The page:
The Idea of the Renaissance

William Kerrigan and Gordon Braden, The Idea of the Renaissance (Baltimore: Johns Hopkins University Press, 1989)

From a review in the South Atlantic Review, Vol. 55, No. 4, Nov. 1999:

This book by W. Kerrigan and G. Braden deals with the question of historical periodization–a question which is once again at the forefront of current academic debates–and seeks to define the essence of the Renaissance and of the modern age. In the fairly conventional view of the two authors, the Renaissance, which is conceived as the period stretching from Petrarch to Milton, is the distinctive historical context that shapes a new sense of the singularity of individual experiences and of new possibilities opening up for the individual. This emphasis on individuality is crystallized, as Kerrigan and Braden try to show in their tripartite argument, in the practices of Machiavellian power; in the articulations of Renaissance thought; and in the Petrarchan love discourse molding the European poetic imagination of the Renaissance.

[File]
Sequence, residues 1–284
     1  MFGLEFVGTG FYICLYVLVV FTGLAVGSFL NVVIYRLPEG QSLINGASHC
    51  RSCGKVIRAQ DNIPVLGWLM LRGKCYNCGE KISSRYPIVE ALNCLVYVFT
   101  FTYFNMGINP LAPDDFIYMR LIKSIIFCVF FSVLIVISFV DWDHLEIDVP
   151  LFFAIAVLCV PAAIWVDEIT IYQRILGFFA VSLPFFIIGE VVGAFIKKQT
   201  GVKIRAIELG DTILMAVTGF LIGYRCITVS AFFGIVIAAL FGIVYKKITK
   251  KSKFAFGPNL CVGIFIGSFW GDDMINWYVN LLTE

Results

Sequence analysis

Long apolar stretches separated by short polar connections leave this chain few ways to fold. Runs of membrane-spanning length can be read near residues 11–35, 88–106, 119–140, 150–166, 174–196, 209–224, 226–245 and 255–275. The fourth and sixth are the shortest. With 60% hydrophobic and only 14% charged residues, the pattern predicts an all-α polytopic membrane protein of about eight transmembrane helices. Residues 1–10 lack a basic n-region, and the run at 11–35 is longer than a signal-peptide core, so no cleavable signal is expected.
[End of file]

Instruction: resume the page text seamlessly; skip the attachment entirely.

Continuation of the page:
Table of Contents:

Burckhardt’s Renaissance
Beyond Burckhardt
The Prince and the Playhouse: A Fable
Cassirer’s Legacy to the Burckhardt Tradition
Nicolas of Cusa’s Symbolic Renaissance
The Neoplatonic Individualism of Marsilio Ficino
Pico della Mirandola and Renaissance Ambition
Descartes’s Beginning
Petrarch Refracted: The Evolution of the English Love Lyric
Lust Captured: Paradise Lost and Renaissance Love Poetry

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